(1633 - 1699)
Mary Beale was active/lived in United Kingdom. Mary Beale is known for portrait, figure painting.
Biography from the Archives of askART
Mrs. Mary Beale (1633-1699)
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Born Mary Cradock at Barrow rectory, Suffolk, and baptised on 26 March 1633, the elder of two children of the Revd John Cradock (c.1595-1652), puritan rector of Barrow, and his wife, Dorothy née Brunton or Brinton (d.1643). She received a good education from her father who, as an amateur artist, probably also provided her with tuition in painting.
She married on 8 March 1652 Charles Beale (1631-1705), member of a puritan family at Walton Manor, Buckinghamshire. They took up residence at Covent Garden, London, later moving to Hind Court, Fleet Street, and about 1660 Charles succeeded his father as deputy clerk of the patents office. By this time Mary Beale had gained some reputation as an artist and had given birth to two sons, Bartholomew (1656-1709) and Charles (1660-1726), who himself was an artist. By 1664 Charles Beale's job had become insecure and, with the plague threatening, the family departed for Albrook, Otterbourne, Hampshire. At Albrook Mary wrote the Essay on Friendship in which she propounds the somewhat then radical notion of equality between men and women, both in friendship and marriage. This was put into practice on their return to the city in 1670 when it was decided that she would establish herself as a professional artist and she set up a studio in their rented house in Pall Mall. She attracted a wide clientele from among the gentry and aristocracy and from their own circle of friends, who included fellows of the Royal Society and puritan clergy, notably the future bishops Stillingfleet and Tillotson. Her prices were competitive: £10 for a three-quarter-length and £5 for a half-length portrait and she also painted miniatures. Mary Beale's sons assisted her with the painting of draperies and later she was able to train and employ female studio assistants. Meanwhile Charles Beale assumed responsibility for organizing the commissions and payments and preparing artists' colours. In 1671 Mary Beale's income totalled £118 5s., rising to £429 by 1677 which was perhaps her most prosperous year.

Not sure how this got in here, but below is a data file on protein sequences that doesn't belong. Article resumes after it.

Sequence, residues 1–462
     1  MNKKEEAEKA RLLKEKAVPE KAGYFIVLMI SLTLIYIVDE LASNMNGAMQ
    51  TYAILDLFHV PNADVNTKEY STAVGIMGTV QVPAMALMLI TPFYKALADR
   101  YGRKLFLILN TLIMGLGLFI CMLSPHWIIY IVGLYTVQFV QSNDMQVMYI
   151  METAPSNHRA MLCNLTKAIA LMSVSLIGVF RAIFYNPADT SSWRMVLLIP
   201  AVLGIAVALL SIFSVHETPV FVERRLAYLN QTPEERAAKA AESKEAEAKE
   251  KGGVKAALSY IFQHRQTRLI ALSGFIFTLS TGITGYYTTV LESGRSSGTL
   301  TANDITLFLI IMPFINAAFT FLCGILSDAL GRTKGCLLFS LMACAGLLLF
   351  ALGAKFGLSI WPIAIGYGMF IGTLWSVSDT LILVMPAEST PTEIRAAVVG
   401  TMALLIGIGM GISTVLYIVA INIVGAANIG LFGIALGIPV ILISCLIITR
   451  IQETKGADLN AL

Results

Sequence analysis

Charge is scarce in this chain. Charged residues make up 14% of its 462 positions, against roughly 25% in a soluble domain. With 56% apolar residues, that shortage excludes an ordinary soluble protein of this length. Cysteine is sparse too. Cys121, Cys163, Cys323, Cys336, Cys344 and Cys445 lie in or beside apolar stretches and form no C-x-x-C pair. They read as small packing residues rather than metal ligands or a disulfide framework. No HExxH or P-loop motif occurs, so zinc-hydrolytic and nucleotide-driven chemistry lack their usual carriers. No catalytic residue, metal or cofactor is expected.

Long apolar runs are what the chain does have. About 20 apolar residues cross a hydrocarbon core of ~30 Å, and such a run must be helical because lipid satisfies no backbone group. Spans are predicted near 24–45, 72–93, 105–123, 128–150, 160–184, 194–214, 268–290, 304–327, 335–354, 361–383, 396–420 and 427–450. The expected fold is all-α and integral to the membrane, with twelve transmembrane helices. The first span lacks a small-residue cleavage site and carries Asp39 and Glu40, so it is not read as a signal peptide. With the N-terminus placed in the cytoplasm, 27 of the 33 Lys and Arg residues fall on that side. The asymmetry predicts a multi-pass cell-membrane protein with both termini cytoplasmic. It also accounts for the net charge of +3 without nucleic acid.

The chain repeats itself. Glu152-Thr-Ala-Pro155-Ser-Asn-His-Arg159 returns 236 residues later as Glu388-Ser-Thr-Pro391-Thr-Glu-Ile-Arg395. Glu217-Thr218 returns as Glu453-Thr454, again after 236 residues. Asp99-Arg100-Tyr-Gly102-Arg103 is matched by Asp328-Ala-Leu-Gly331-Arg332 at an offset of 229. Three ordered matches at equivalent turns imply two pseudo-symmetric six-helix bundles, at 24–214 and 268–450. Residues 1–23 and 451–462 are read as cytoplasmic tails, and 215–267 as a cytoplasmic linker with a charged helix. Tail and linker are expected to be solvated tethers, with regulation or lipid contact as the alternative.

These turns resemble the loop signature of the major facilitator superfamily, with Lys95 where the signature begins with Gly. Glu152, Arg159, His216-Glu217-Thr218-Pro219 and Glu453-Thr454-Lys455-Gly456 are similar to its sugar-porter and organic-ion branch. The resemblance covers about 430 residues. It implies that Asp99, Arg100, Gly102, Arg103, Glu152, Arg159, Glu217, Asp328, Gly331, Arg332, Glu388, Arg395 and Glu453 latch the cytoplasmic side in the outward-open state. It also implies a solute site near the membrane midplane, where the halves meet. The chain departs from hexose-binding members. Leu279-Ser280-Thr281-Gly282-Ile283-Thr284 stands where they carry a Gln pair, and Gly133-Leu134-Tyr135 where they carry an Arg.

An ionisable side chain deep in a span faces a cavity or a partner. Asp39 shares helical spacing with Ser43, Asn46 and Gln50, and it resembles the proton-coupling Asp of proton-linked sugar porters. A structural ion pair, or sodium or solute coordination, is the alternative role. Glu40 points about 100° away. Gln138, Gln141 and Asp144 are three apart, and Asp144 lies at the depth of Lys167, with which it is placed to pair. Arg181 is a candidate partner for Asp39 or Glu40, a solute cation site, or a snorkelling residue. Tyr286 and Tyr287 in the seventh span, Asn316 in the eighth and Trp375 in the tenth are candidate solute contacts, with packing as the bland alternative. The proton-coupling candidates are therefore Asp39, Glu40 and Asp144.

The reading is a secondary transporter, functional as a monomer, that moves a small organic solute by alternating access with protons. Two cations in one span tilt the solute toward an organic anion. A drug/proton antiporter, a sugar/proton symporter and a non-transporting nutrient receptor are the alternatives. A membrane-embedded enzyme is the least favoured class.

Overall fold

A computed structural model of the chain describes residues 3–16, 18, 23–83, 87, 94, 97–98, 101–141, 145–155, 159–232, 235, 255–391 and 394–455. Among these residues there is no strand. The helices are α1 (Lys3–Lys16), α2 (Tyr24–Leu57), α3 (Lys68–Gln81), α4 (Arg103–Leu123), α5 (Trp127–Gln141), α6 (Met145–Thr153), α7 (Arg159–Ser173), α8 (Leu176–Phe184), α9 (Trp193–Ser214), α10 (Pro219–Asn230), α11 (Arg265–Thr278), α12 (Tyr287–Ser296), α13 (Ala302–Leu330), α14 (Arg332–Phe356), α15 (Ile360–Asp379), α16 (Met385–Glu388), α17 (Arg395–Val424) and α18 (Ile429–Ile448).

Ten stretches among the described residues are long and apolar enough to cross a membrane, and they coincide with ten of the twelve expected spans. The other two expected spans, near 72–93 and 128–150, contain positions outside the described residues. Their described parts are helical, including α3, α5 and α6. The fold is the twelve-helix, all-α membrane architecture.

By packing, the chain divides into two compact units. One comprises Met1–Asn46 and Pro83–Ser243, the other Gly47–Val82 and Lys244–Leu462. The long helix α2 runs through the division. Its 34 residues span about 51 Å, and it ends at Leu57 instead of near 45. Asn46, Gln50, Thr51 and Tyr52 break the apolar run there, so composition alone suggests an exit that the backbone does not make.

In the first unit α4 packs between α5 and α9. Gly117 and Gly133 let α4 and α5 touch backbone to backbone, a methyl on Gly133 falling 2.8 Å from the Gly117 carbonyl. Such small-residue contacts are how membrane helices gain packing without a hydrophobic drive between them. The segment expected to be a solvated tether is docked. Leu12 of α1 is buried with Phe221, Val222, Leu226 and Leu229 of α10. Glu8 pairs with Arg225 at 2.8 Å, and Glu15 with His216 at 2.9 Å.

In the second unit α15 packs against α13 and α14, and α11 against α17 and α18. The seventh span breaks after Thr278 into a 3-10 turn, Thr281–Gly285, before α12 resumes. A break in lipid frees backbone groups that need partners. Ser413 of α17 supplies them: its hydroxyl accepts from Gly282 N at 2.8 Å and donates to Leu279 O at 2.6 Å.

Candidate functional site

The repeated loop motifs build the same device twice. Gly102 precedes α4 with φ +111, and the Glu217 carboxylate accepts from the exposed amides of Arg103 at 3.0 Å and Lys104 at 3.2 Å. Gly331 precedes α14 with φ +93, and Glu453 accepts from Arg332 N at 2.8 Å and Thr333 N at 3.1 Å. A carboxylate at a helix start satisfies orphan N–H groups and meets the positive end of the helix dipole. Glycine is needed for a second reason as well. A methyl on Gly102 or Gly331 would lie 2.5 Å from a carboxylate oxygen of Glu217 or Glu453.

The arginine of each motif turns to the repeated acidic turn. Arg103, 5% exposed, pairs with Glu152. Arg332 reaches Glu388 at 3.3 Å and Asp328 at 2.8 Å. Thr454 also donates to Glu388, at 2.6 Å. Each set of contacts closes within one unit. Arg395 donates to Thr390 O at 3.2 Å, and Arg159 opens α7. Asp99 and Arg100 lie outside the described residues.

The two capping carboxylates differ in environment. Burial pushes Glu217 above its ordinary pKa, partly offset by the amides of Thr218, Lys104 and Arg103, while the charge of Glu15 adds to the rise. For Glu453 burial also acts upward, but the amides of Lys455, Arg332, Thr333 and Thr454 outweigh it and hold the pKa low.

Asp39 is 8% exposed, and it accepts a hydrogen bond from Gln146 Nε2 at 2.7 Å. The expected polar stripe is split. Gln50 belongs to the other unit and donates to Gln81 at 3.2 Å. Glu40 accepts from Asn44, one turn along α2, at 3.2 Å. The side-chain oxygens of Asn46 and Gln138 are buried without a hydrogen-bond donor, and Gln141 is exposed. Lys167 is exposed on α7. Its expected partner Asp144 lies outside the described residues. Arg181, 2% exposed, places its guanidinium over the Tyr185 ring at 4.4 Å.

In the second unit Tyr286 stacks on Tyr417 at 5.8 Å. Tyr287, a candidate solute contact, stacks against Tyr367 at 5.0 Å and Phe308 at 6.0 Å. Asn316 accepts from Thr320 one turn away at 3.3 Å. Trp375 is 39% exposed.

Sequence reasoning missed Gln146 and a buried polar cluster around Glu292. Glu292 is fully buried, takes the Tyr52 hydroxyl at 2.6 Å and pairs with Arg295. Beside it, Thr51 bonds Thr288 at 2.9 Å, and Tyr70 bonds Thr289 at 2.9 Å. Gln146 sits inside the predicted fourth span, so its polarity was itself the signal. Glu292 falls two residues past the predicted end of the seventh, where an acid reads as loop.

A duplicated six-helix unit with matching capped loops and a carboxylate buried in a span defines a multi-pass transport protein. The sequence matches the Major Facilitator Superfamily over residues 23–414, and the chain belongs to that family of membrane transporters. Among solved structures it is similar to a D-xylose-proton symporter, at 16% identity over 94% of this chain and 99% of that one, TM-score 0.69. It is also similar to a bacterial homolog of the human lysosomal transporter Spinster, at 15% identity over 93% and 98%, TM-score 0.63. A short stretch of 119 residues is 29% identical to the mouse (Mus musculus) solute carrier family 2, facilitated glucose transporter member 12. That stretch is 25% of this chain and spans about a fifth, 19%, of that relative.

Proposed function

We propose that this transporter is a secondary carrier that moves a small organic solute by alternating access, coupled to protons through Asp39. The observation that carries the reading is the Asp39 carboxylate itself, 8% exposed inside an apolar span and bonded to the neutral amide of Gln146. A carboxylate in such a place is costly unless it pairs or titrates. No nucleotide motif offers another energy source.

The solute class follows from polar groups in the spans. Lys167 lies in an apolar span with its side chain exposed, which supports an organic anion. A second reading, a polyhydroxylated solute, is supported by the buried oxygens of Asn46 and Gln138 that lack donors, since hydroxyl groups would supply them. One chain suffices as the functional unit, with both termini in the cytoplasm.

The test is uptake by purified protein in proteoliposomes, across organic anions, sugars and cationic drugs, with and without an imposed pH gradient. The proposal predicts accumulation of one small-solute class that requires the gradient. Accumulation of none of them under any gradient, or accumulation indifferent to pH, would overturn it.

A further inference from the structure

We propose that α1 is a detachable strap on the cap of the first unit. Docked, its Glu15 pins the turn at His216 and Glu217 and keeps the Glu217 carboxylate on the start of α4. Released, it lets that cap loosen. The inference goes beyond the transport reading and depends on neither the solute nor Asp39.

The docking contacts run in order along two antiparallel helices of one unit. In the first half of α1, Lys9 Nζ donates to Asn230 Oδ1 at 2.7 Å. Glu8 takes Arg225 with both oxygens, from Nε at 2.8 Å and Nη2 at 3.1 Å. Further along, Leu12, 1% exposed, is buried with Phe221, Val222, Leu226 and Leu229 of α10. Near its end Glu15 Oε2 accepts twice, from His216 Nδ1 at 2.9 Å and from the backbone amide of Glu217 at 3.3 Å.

Of great assistance to Mary Beale's career was the friendship and support of Sir Peter Lely, the court painter. By 1672 Lely had visited her studio and later allowed her to study his painting techniques when she was able to build up a lucrative trade from making replicas of his portraits. By 1681 Mary's commissions were beginning to diminish but she busied herself with producing pictures for 'study and improvement'. These informal studies are among her finest works.
Mary Beale died at her home next to the Golden Ball, Pall Mall in 1699 and buried under the communion table in St James's church, Piccadilly, on 8 October. The best and most representative collection of her portraits is at the Manor House Museum, Bury St. Edmund's.
Information provided by Tony Copsey, resarcher of artists of Suffolk County.
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